how many meat birds per square foot

Note: As a member of the New England Poultry Extension group, Dr. Knight was asked to contribute to Penn State Extension Small and Backyard Poultry Flock Programming with this article. The following article introduces him and detailes his recommendations for pastured broiler flocks.

Hello, my name is Dr. Colt W. Knight, and I am the state livestock specialist and assistant extension professor for the University of Maine Cooperative Extension. I serve as the lead investigator for the Maine Pasture Poultry Project and I raise pastured broilers at home on my farm. When I first arrived in Maine in 2017, there was a tremendous amount of interest in folks wanting to raise pastured broilers, but I noticed there were quite a few misconceptions about raising chickens on pasture which lead to a great deal of confusion among new producers. Unfortunately, science-based recommendations for raising poultry was all geared towards large-scale production or raising chickens in barns. The summer, the University of Maine started the Maine Pasture Poultry Project where we raised broilers on pasture and meticulously recorded feed intake, water intake, forage utilization, growth, carcass, and climate data to share with producers in New England. Along the way, I hosted dozens of pasture poultry workshops to gather information from existing pasture poultry producers and share what we had learned raising poultry at the University of Maine teaching farm.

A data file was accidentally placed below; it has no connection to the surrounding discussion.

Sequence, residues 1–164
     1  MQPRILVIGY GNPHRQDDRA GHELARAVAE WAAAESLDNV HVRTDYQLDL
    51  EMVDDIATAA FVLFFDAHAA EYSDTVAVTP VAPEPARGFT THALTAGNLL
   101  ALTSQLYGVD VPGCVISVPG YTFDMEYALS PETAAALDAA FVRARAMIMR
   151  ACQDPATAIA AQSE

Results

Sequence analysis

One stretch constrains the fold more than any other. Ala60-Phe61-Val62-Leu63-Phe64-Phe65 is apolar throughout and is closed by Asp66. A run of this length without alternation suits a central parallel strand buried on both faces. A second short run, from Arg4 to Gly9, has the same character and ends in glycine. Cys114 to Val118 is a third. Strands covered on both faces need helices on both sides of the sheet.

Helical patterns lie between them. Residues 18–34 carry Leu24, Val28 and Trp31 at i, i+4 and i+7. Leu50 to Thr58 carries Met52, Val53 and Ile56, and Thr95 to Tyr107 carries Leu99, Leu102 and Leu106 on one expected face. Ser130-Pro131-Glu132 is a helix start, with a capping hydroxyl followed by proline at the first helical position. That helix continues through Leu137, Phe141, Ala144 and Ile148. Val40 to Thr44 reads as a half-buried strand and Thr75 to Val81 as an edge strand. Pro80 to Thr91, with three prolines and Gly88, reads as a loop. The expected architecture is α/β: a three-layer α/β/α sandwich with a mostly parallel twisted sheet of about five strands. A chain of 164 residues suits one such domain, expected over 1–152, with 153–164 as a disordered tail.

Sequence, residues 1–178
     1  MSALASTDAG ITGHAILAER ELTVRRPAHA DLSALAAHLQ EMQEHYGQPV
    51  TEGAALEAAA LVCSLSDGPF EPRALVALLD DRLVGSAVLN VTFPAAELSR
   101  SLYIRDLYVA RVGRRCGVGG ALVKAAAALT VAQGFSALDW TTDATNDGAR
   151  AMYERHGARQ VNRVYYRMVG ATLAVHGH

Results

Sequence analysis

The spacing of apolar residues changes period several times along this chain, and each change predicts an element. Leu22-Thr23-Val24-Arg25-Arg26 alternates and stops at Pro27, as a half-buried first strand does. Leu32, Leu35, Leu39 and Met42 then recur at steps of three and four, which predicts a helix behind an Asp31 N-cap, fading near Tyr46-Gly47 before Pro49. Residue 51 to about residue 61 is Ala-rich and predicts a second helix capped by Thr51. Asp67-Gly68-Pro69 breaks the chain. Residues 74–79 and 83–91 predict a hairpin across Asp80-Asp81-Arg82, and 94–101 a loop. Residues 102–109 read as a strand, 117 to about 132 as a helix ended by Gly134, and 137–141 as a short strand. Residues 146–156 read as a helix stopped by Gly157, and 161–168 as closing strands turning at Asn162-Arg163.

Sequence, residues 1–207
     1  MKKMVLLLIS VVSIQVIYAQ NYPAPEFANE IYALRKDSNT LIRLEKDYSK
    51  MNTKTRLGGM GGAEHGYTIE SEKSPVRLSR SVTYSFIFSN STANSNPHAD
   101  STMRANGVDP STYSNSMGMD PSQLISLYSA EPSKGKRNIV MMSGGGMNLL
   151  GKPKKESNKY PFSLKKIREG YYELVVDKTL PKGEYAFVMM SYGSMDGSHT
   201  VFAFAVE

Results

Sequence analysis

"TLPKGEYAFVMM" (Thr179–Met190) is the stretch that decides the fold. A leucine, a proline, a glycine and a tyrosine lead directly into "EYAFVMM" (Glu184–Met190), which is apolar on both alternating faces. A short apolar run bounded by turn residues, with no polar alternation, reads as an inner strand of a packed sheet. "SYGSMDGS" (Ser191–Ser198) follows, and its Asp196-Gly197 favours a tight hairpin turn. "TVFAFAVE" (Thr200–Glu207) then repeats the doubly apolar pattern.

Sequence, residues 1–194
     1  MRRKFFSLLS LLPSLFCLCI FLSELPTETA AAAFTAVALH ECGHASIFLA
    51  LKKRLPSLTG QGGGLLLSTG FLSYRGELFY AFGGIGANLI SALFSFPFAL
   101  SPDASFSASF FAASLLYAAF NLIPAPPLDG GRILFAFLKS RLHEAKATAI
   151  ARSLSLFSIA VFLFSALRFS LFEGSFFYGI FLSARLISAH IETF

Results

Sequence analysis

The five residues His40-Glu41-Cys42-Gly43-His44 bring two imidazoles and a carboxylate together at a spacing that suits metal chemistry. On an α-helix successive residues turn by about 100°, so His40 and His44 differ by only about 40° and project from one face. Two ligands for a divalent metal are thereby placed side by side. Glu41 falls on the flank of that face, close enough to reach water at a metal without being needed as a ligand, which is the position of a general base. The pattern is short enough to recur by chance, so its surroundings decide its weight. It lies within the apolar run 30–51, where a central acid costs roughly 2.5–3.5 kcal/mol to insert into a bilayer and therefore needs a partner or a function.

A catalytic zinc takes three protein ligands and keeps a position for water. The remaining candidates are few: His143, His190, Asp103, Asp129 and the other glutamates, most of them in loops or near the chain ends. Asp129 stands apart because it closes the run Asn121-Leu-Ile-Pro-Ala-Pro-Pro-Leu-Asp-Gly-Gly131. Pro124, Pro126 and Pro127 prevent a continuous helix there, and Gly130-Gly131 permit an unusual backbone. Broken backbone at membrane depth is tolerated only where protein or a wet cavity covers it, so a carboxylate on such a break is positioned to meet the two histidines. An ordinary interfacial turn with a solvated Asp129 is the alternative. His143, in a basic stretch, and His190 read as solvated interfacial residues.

Getting Started – what do you need?

First, you will need a brooder set up to get the chicks started off on the right track. You can learn more about brooders from the University of Maine Livestock website1.